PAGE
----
Nene had spent the better part of a decade in Denver and was just months removed from signing a deal to stay in Denver. McGee was a player whose commitment to the game of basketball had been questioned on numerous occasions and was seen as somewhat of a human blooper reel by some analysts.
The March 15, 2012 trade was just what McGee needed — a fresh start with a playoff team that runs an uptempo style that could showcase his athleticism in all its glory. McGee was inserted into George Karl‘s rotation six days after the trade and hit the game-winning put back in his first game in powder blue and gold. However, that game-winner was just the first flash of brilliance that the Nuggets would see in McGee.
Denver had a first-round date with the Los Angeles Lakers in the NBA playoffs. That series would inevitably go to seven games, and McGee shined as brightly as he ever had in his career. He showed great potential as the Nuggets’ center of the future. Denver decided to reward him in the offseason with a four-year, $14 million contract extension based off of that potential.
Despite the big payday, the 2012-13 season started and Karl named Kosta Koufos the starting center for the Nuggets. McGee received inconsistent playing time all season long and did not start a single regular-season game for Denver.
In fact, his first start came in Game 5 of the first-round playoff series against the Golden State Warriors. The Nuggets were down 3-1, facing elimination, and Karl was desperate to try to salvage this series. It turned out to be too little, too late for Karl and the Nuggets and they were eliminated by the Warriors in six games.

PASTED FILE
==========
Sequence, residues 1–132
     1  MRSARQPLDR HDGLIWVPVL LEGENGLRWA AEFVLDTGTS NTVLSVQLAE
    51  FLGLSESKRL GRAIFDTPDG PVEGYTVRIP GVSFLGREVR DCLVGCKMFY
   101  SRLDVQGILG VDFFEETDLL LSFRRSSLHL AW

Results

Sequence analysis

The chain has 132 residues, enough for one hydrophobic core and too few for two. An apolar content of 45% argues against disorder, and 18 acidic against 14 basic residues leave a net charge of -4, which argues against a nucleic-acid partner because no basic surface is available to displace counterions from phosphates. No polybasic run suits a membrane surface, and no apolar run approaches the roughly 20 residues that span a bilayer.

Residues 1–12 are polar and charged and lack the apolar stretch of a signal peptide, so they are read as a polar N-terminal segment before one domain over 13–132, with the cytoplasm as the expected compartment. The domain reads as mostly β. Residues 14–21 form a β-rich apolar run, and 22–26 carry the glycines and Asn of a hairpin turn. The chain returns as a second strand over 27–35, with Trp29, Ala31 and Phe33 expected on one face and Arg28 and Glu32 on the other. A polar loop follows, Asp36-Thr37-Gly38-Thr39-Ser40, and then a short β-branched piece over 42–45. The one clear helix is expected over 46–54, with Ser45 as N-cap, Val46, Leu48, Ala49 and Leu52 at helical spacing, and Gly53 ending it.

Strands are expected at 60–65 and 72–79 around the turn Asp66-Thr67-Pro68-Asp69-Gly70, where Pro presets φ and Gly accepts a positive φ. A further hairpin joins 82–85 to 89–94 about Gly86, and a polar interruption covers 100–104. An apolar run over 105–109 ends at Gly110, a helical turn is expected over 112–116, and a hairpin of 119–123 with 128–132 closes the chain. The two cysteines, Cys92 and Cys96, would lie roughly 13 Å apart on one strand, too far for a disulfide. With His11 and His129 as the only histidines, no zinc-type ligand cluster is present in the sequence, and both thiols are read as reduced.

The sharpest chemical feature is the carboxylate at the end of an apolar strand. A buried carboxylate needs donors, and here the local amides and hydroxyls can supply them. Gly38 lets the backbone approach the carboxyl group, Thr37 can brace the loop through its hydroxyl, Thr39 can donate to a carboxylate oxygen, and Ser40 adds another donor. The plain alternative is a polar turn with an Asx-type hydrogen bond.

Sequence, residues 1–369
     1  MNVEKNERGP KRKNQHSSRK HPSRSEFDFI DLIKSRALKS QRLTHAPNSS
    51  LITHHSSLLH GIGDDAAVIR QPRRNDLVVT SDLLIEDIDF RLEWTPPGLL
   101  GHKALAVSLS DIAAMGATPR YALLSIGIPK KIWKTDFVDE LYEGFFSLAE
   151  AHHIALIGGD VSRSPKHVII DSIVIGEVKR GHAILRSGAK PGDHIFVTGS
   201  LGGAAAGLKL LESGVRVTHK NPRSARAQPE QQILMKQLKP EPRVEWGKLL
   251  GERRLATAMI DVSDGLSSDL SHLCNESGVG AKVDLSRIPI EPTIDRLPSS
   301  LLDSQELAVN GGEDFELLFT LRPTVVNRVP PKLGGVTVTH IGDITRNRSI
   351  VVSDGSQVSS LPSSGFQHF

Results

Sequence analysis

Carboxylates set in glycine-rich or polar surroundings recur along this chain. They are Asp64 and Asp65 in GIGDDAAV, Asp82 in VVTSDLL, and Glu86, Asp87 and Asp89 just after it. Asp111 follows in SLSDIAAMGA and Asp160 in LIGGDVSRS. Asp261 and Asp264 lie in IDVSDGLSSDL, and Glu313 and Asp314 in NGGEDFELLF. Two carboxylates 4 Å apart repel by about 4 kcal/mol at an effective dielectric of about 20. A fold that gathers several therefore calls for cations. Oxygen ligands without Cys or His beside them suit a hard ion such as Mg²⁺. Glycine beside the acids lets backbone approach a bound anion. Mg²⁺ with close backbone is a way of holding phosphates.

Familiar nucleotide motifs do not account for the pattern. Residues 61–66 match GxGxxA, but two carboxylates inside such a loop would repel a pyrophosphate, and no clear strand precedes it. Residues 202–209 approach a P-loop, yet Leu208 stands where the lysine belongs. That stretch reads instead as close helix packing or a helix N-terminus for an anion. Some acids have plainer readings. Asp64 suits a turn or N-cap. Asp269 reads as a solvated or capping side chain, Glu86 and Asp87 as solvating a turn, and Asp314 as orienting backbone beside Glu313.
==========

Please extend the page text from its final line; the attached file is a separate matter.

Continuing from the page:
Karl’s stubbornness in refusing to start McGee and to give him big minutes ultimately cost him his job in Denver. McGee seems to have shed his knucklehead label since arriving in Denver and the fans enjoy and appreciate his athleticism and the excitement he brings to the game. The Nuggets have cleared the way for him to be their starting center for years to come after trading Koufos this offseason.
Now, it is time for McGee to step up and prove all of his critics wrong. He needs to prove that the Nuggets were correct in signing him to the big payday. McGee is once again working with Hakeem Olajuwon this summer and that should provide additional opportunity for improvement. Hopefully, this will also provide McGee with added motivation and momentum coming into the new season.
Olajuwon is not the only influence on McGee, as new head coach Brian Shaw will be chomping at the bit to work with the 7-footer. Shaw is widely known as a coach that specializes in player development and was responsible for the metamorphosis of Roy Hibbert‘s game with the Indiana Pacers.
Denver will be extremely lucky if they are able to turn McGee into an All-Star caliber big man, but it will not necessarily be a surprising turn of events, given the athleticism he possesses.